Silkworms help Yên Bái farmers escape poverty

Life in Trấn Yên District in the northern province of Yên Bái has greatly improved thanks to the development of silkworm farming in recent years.

A farmer in Trấn Yên District picks mulberries to feed silkworms. — VNA/VNS Photo Đức Tưởng

Trấn Yên District has nearly 800 hectares of land with nearly 2,000 households devoted to mulberries and silkworms, which have become their main source of income.

Mulberries are prepared as food for silkworms. — VNA/VNS Photo Đức Tưởng

According to Triệu Thị Bích Liệu, Head of the Agriculture and Rural Development Department of the district, Yên Bái Province has supported and encouraged villagers to plant new varieties of mulberry and raise new kind of silkworms for higher yield and quality than old varieties to develop the craft sustainably.

Farmers prepare mulberries to feed silkworms. — VNA/VNS Photo Đức Tưởng 

At the same time, silkworm raisers have also been helped to use better mulberry farming techniques, including raising silkworms on the ground to reduce investment costs.

Additionally, local farmers have been encouraged to convert unprofitable rice fields and crops along the Red River to mulberries and silkworms, she added.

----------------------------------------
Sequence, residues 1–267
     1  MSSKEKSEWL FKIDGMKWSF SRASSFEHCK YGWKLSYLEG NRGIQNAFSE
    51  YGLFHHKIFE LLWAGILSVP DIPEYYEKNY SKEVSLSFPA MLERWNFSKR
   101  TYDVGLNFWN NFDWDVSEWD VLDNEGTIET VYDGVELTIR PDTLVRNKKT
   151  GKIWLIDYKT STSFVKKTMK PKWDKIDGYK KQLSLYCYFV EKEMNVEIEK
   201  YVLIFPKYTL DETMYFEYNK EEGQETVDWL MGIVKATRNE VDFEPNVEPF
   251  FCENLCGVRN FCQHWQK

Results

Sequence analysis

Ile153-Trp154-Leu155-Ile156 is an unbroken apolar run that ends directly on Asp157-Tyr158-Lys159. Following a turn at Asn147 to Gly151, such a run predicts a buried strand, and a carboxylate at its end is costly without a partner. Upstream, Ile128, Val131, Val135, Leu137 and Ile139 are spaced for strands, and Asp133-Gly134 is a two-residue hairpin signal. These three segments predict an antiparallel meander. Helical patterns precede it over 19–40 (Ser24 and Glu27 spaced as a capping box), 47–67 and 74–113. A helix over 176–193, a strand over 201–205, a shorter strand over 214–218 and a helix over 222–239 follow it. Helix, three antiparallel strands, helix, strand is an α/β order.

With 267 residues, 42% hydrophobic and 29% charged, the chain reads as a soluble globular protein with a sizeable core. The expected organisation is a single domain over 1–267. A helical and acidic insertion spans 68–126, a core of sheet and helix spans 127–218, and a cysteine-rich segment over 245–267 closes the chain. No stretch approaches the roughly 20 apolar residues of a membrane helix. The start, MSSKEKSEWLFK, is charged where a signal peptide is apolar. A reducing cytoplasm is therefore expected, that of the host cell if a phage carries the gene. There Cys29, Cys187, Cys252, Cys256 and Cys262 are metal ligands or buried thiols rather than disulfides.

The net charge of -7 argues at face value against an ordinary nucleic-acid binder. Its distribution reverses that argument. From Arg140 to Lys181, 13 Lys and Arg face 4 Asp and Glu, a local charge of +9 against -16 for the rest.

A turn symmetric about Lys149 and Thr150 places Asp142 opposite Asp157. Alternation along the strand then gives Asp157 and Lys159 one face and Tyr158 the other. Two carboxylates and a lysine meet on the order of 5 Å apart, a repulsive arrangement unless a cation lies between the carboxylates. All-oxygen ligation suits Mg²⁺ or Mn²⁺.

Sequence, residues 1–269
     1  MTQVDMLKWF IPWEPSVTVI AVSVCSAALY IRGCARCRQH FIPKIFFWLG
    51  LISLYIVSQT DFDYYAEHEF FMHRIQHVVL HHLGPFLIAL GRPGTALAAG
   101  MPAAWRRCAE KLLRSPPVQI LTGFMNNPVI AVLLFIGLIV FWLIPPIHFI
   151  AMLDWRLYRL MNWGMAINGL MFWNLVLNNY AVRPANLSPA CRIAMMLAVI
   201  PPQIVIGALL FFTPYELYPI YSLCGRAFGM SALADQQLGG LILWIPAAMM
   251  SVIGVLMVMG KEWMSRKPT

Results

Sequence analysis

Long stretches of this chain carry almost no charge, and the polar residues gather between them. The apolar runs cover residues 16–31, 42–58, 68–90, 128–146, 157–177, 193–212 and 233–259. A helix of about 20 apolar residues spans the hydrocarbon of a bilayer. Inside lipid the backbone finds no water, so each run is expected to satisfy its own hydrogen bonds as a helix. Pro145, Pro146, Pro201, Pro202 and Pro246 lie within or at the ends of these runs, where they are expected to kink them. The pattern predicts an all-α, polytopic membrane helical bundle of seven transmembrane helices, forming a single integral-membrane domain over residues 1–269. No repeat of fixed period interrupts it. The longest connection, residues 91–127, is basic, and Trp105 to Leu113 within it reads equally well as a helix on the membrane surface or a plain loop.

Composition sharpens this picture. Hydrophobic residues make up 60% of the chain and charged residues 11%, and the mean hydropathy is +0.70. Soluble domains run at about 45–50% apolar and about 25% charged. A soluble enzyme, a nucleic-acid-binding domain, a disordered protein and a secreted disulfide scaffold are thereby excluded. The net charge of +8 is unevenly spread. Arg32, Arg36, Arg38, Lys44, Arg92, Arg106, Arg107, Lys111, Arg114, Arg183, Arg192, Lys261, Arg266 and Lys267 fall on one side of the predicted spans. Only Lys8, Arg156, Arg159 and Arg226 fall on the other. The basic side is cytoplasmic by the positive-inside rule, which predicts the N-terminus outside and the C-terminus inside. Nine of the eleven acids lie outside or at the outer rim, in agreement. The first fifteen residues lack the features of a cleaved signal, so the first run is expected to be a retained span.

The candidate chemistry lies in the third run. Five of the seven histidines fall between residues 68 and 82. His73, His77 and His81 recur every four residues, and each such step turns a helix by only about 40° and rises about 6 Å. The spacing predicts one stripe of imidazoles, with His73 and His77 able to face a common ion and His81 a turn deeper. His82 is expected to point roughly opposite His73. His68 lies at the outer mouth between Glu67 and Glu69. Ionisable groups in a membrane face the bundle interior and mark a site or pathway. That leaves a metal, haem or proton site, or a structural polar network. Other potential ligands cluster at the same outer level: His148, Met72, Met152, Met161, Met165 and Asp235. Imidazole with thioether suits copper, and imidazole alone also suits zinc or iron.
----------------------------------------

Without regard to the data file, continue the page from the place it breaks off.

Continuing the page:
Many households in Trấn Yên District have not only escaped poverty but even become well-off thanks to the stable income earned from the cultivation of mulberry and raising silkworms in recent years, like Nguyễn Đức Mạnh's family.

The district now has nearly 800 hectares of land with nearly 2,000 households devoted to mulberries and silkworms, which have become their main source of income. — VNA/VNS Photo Đức Tưởng

“My wife and I used to work as labourers and switched to mulberry and silkworms farming in 2020. With the current selling price of a cocoon at VNĐ110,000 (US$5) per kilo, each year, we earn about VNĐ80 million ($3,500) from the job only from the second to the 10th lunar months,” Mạnh said.

“So in total, we could earn from VNĐ100-120 million ($4,300-5,100) per year from cultivating mulberries and raising silkworms, much higher than working as a labourer”.

Last year, despite the COVID-19 pandemic, raising silkworms earned the villagers nearly $3.5 million.

Trấn Yên’s poverty rate has fallen to 4 per cent and per capita income grew to more than $1,700 last year, making the district the first new-style rural district in the northwestern region.

Silkworm raisers have been encouraged to apply advances in mulberry farming. — VNA/VNS Photo Đức Tưởng

According to local authorities, the district will continue to expand the area dedicated to mulberry cultivation and silkworm raising, consolidate the co-operatives to act as a cocoon purchasing point for villagers and support farmers with better quality varieties of silkworms.

In particular, the district has focused on creating favourable conditions to attract enterprises investing in silk and heighten the value of local mulberry products. — VNS

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